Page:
The vicious stories weren’t limited to DeStefano’s criminal activities. Once, after an argument with his wife, Anita, he went out and abducted a Black man off the street. Taking him home, he forced his wife Anita and the man to perform oral sex on each other at gunpoint.
In the wake of the 1957 Apalachin Conference, Hoover was finally beginning to focus on the organized crime problem in America. One of the objectives for his FBI agents was to turn members of organized crime into informants. This effort was called the Top Hoodlum Program. In Chicago, agent William F. Roemer, Jr., a six-foot two inch, former marine and four time boxing champ at Notre Dame, would try his hand at recruiting DeStefano for this program. Roemer, who had a bit of an ego himself and later authored five books about the mob (two of which were fictionalized accounts), discussed DeStefano is his first book, “Roemer: Man Against the Mob”:
“About this time I got to know Mad Sam DeStefano, the worst torture-murderer in the history of Chicago. He was a sadistic, arrogant, swaggering thug of the worst order, responsible for scores of killings, almost all by his own hands. I had a long series of confrontations with this beast, and looking back I must admit I enjoyed every one.”
When Bill Roemer first met DeStefano, he went to his home to inquire about the murder of Arthur Adler, a local restaurant owner, who fell behind in his loanshark payments. Roemer was certain that “Mad Sam” had caused his death. DeStefano met Roemer and his partner at the door wearing a pair of pajamas with the fly open and his “dingus” hanging out. He walked around his mirrored living room, holding his penis and staring at it in the mirror.
Roemer blurted out, “You killed Artie Adler.”
This diverted DeStefano’s attention away from his penis and he called for his wife, Anita, his three children, and their friends to come downstairs.
Once assembled, he screamed at them, “These two gentlemen are FBI agents. They have come out here to accuse me of killing Arthur Adler! I cry out to God up above! If I am guilty of killing Arthur Adler may God come down, right now, and put cancer in the eyeballs – of you, and you, and you.” He shouted pumping his finger in each one of their faces.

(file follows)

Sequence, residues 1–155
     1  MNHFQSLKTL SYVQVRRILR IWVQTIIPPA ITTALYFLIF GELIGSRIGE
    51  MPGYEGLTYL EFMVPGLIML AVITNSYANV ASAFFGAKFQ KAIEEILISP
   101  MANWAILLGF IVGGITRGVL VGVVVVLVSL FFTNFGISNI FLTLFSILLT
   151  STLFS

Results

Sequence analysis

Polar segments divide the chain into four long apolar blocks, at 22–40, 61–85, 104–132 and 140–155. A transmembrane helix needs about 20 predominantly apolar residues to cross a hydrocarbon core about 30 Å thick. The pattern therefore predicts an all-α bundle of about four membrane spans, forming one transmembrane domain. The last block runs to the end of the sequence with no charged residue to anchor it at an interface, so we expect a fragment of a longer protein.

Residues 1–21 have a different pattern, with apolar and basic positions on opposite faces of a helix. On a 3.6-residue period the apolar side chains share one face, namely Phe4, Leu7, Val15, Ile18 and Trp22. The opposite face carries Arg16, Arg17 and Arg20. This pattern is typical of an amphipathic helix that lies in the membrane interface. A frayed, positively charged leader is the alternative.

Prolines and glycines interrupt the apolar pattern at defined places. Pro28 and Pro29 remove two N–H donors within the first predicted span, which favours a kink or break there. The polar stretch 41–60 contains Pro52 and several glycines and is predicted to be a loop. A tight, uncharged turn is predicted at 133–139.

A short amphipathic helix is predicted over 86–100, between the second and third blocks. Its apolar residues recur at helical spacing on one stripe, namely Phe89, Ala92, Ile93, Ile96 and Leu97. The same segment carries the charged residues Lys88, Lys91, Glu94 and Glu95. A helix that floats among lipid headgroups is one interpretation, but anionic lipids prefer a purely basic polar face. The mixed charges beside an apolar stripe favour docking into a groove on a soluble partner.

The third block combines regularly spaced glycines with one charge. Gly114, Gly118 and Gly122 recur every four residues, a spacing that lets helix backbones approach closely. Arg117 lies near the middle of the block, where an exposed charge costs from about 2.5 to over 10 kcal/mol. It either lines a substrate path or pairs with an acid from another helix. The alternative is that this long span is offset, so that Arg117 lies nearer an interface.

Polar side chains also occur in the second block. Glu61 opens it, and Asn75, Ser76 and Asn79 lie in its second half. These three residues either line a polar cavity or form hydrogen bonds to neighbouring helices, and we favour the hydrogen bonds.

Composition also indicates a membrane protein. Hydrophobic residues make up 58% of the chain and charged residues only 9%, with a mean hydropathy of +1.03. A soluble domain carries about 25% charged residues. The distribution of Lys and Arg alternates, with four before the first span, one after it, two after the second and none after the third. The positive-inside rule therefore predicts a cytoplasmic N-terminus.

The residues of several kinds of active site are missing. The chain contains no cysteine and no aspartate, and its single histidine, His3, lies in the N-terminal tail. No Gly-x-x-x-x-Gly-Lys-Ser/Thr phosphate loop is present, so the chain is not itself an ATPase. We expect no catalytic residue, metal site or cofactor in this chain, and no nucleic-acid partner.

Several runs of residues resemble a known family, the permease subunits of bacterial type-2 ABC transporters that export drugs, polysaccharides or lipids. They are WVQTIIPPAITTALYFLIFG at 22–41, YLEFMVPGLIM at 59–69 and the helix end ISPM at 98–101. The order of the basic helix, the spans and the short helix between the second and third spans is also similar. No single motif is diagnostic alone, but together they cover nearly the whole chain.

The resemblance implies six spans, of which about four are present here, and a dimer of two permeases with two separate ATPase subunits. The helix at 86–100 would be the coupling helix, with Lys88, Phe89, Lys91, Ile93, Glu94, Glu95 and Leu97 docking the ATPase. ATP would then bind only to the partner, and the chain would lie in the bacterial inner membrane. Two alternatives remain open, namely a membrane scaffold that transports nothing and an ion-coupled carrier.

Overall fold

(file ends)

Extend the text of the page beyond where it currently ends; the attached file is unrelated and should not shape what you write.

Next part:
As Roemer and his stunned partner drove back to their office in complete silence, he was determined to turn DeStefano and would make several return trips to his home. Each time, Sam’s wife, Anita, would prepare breakfast and coffee for him. Word of these morning meetings was passed on to street detectives most likely from hoods who had heard about them directly from DeStefano. One day Roemer received a call from Bill Duffy of the Chicago Police Department’s Intelligence Division.
“Roemer,” Duffy asked, “Have you been going out to Sam DeStefano’s house?”
Roemer, who never discussed informants or people he was trying to turn, inquired, “Why do you ask, Bill?”
“Because, you dumb ass,” Duffy replied, “He’s been pissing in your coffee.”
Charles “Chuckie” Crimaldi worked as a “juice collector” for DeStefano during the 1950s and 1960s. He claims that Sam pioneered “organized” loansharking in Chicago, and, because of his success, he had the permission of Anthony Accardo and Sam Giancana to stay independent. Crimaldi claimed DeStefano “could make loans anyplace in the city irrespective of the jurisdiction allocated to the sharks who came later after Sam had greased the skids.” DeStefano’s independent status was confirmed by Roemer who wrote that Sam once told him that he was never a made guy because he could never submit to the discipline of the outfit.
Crimaldi reported that one of Sam’s pastimes was to drive along lonely country roads and look for burial grounds for his future victims. “We could bury a dozen guys there and nobody would ever find a smell of ‘em.” He would also go to pig farms and stare at the pigs for as long as an hour contemplating how he would feed his victims to the pigs so he could destroy the “evidence.”
When DeStefano was upset his face pinched up and his eyes narrowed. His voice became gravelly and he spoke his words very slowly and punctuated his conversation with the filthiest profanity. In addition, DeStefano’s eyes bulged, his lips drew back to reveal an evil smile, and he would begin to drool. He was a cautious man, almost to the point of being eccentric. He once sent a gold watch, engraved with, “To Bob from Sam” as a gift to a politician who owed him several hundred thousand. He claimed his reason for doing this was, “That way, if we have to whack him, everybody’ll think we were friends; and I won’t draw no heat from the dead son-of-a-bitch.”
The five feet, eleven inch, 165 pound DeStefano took to wearing heavy, black-rimmed glasses even though his eyesight was near perfect. His reason for this was to make people think he couldn’t see well. That way he could remove them and be able to observe all that went on around him without those present thinking he could.
While he was in prison in Wisconsin for eleven years, the only reading material he had was a Bible and a dictionary. He could engage in endless arguments about the Bible’s teachings and quote long passages. What makes this so bizarre is that according to Crimaldi, DeStefano was a devil worshipper: